By Jean A. Flanagan
In 1751, when European traders were leaving the Tennessee Valley because of attacks by hostile natives, a Cherokee Chief named Ostenaco gathered 47 men to patrol the trade routes and protect the traders. He realized the importance of trade between the Cherokee and the British and French.
Ostenaco, a Cherokee leader in the French-Indian War, will be portrayed by Doug Wood of Hurricane in a West Virginia Humanities Council History Alive! program on Saturday May 27, at the Lost River Artisans Cooperative and Museum.
Ostenaco was born in 1703 in present day Polk County, Tennessee. As a boy he quickly learned the qualities of a good warrior and was given the title of “Outacite” or “mankiller.”
He also became aware that his people depended on the goods, such as gunpowder and fabric, from the European traders.
When England and France disputed control of the Eastern half of North America, which evolved into the French and Indian War, Ostenaco convinced the Cherokee to side with the British.
Although there were skirmishes between the Cherokee and the English settlers, the two eventually made peace.
In 1761, Ostenaco expressed a desire to meet King George III, with the help of Lt. Henry Timberlake, sailed to England in May of that year. Ostenaco met with King George III in July 1761.
Ostenaco remained loyal to the British and during the American Revolution, supported other Indian tribes against the colonists.
Ostenaco died in 1780.
The History Alive! presentation will feature a talk by Ostenaco followed by a question and answer period. Audience members are encouraged to converse with Ostenaco about his life in colonial America.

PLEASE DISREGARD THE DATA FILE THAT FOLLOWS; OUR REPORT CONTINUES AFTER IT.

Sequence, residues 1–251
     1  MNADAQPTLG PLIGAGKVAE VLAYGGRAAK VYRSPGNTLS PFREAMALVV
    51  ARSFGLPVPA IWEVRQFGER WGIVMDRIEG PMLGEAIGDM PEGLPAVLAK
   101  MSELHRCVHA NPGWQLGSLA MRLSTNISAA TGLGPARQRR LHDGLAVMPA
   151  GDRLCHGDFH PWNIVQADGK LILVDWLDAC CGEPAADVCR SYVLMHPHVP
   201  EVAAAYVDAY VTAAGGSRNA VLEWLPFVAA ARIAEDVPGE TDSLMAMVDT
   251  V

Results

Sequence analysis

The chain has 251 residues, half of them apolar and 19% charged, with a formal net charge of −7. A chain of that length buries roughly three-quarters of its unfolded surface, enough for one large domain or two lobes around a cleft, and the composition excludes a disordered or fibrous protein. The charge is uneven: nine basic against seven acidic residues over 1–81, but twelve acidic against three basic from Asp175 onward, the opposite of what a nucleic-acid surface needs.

After the presentation, Doug Wood, who portrays Ostenaco will break character and the audience can ask questions about the History Alive! program and Wood‚Äôs experience in becoming Ostenaco.
In addition to the regular History Alive! program, Wood and his wife Dianne will demonstrate and share aspects of Indian life with the audience.
The schedule for Saturday’s presentation is as follows:
Noon – 12:30 p.m. – Gardening/gathering/food preparation
12:30 – 1 p.m. – 18th Century Eastern Woodland Indians and animal interactions, with an interactive deer drive game.
1 – 1:45 p.m. History Alive! presentation of Ostenaco.
2 – 2:30 p.m. Eastern Woodland Indian weapons and other implements of war.
The program is free and open to the public. Families are encouraged to attend.
Ostenaco is one of the many available character presentations offered through the West Virginia Humanities Council’s History Alive! program as a means of exploring history by interacting with noteworthy historical figures. This program also is supported by the Lost River Grill and Motel.